Attorney General Karl A. Racine of the District of Columbia Dec. 22 announced the settlement of a lawsuit filed Dec. 11 by the Archdiocese of Washington regarding the District's previous cap on attendance at houses of worship during this stage of the COVID-19 pandemic.
On Nov. 23, Mayor Muriel Bowser had issued an order setting a cap of 50 people at churches in the District, which the Archdiocese of Washington challenged with its lawsuit.
It said Bowser's cap violated the religious freedom and First Amendment guarantees for religious groups by singling them out for more restrictive COVID-19 limitations on public gatherings compared to those placed on businesses and other venues in the city.
In an executive order issued Dec. 16, Bowser in response to the archdiocese's lawsuit modified the current limits for gatherings at houses of worship in the District of Columbia during the coronavirus pandemic to 25% of capacity and no more than 250 persons and established those same limits for other businesses and venues.
"We are pleased that we were able to reach this agreement with the Catholic Archdiocese of Washington and that the church's concerns were resolved by the mayor's latest order," Racine said in a statement. "As with other mayoral orders, if changes are needed to better protect public health, those affected will be notified in advance."
Racine also praised District residents for "overwhelmingly" embracing "science-based commonsense measures to protect our personal safety and that of our neighbors."
"By wearing masks, frequently washing our hands, and limiting contact with others, the District has maintained a lower COVID-19 case rate than many states -- though we have recently seen cases rising," he said.
"While some churches may now allow up to 250 worshippers to attend services," Racine added, "I strongly encourage residents to continue following the guidance of medical and public health experts and help stop the spread of COVID-19: stay home whenever possible, and avoid spending time indoors with people outside your household."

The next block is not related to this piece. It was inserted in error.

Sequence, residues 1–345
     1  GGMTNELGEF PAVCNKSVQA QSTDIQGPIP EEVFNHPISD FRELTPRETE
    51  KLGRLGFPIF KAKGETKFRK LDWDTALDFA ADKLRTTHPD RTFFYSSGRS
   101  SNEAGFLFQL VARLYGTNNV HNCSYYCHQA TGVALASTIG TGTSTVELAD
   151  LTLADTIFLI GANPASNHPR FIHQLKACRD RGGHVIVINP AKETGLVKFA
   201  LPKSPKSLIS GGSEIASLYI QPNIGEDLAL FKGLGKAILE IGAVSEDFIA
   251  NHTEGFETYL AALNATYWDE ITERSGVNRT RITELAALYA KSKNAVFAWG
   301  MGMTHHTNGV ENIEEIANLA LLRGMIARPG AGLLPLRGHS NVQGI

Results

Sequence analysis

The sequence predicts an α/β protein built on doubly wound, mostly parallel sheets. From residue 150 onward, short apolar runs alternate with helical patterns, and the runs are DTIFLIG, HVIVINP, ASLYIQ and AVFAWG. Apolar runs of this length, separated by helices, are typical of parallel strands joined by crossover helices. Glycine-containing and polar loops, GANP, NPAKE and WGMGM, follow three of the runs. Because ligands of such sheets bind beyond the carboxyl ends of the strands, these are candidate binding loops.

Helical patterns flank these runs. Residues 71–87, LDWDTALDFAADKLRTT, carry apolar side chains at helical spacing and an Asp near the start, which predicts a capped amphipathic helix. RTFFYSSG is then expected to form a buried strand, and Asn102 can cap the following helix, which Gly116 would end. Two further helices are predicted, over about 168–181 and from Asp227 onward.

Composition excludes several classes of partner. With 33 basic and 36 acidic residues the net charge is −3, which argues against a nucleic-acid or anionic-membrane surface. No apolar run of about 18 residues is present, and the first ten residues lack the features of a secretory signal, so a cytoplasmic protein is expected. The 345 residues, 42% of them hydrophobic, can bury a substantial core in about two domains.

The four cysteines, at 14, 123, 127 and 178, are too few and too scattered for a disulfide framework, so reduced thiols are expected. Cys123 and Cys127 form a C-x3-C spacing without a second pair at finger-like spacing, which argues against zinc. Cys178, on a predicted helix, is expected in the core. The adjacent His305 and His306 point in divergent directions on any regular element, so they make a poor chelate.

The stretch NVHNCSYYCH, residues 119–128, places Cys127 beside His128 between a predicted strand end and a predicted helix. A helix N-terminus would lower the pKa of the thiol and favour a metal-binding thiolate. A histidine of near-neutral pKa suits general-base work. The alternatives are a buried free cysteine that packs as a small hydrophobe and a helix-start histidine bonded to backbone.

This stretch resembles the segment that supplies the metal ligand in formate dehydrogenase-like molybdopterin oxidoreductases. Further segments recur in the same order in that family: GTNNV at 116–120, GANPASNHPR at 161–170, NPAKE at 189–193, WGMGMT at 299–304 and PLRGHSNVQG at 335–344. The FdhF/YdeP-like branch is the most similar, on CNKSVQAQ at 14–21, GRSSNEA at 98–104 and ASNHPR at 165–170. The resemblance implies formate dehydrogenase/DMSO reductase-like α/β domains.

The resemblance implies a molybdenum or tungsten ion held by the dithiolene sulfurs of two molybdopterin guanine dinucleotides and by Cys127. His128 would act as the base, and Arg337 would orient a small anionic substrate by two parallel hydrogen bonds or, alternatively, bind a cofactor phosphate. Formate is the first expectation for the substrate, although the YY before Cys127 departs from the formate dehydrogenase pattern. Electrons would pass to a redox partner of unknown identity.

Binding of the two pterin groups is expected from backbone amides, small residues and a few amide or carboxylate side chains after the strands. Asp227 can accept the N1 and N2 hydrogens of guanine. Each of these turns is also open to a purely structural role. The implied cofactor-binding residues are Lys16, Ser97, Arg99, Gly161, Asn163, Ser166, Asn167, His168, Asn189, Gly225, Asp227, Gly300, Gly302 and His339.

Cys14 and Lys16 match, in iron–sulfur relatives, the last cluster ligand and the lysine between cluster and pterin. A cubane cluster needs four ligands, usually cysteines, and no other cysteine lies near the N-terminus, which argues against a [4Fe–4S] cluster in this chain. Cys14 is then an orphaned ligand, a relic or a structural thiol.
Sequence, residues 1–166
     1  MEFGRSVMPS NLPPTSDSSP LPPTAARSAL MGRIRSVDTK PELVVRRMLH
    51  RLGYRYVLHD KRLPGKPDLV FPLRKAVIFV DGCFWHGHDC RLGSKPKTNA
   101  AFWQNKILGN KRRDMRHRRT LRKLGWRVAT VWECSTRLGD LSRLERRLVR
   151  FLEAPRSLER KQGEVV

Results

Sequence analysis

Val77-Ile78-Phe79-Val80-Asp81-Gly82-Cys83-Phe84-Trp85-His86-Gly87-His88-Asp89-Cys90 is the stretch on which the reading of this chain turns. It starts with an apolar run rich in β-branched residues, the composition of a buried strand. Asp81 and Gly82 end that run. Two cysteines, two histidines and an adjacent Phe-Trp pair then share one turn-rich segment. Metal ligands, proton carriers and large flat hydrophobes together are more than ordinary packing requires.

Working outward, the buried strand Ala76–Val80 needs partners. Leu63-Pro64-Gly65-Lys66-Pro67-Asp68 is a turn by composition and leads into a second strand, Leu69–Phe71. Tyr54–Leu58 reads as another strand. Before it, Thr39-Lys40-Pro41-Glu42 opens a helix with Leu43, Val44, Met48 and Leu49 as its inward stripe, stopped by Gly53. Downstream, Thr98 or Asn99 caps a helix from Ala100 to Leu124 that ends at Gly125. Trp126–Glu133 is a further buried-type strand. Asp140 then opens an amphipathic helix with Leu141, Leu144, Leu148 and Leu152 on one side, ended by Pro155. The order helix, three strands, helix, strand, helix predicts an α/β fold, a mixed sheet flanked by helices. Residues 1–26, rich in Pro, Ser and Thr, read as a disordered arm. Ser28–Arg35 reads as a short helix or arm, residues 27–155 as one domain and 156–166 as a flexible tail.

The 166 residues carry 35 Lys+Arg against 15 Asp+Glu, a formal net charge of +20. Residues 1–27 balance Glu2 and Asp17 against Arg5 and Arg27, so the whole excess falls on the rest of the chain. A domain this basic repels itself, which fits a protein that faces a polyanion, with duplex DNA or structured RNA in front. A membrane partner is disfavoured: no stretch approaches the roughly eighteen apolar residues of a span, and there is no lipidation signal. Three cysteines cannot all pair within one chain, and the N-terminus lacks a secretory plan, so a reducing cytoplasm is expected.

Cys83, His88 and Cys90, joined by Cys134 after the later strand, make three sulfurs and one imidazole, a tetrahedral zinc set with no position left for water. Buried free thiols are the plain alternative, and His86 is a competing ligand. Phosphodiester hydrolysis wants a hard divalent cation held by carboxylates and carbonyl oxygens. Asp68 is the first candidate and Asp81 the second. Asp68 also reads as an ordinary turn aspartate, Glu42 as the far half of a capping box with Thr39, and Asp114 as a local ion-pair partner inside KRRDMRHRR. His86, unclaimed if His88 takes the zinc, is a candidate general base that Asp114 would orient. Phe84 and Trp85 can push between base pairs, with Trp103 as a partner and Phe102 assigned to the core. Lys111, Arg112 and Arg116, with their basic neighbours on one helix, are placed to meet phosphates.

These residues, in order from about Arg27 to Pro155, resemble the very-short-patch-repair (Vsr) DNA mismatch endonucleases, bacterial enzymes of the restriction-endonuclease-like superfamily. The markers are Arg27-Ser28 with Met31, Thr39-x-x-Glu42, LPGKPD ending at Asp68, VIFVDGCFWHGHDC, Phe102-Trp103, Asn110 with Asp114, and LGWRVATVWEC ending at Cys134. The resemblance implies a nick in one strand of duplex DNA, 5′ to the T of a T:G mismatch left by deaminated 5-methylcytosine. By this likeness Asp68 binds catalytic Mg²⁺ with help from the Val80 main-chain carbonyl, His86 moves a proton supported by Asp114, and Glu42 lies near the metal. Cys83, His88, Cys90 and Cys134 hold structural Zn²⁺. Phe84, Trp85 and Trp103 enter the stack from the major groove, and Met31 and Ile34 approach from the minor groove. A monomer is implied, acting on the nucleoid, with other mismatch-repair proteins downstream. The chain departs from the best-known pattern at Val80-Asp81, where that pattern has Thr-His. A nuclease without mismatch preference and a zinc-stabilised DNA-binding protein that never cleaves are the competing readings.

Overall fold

In a Dec. 22 op-ed column in The Washington Post, Cardinal Wilton D. Gregory of Washington said the archdiocese's lawsuit was a "last resort" to "protect the free exercise of religion in the nation's capital."
"We appreciate that our local officials have had to make difficult decisions in the face of unprecedented challenges," Cardinal Gregory wrote. "But praying apart is not the same as praying together."
He noted the lawsuit was filed "as we could no longer bear the burden of turning away the faithful from Mass due to D.C.'s 50-person cap on religious services when big-box stores, retailers and even liquor stores and many other venues continued to operate without similar limits."
Cardinal Gregory added, "The right of the faithful to assemble for religious services is one of our most cherished constitutional legacies, and we maintain it should be treated as an 'essential activity' -- just as D.C. regards shopping and so many other activities as essential."
The cardinal also expressed hope that as local authorities craft policies aimed at ensuring the health and safety of their communities during the pandemic, that they also recognize that "the public welfare is served when people of faith gather to worship, pray and receive spiritual nourishment -- particularly in times of crisis."
Bowser's new order became effective at 12:01 a.m. Dec. 17 and will be in effect through Dec. 31. It replaced a Nov. 23 order that had set a 50-person cap on gatherings in houses of worship in the District of Columbia.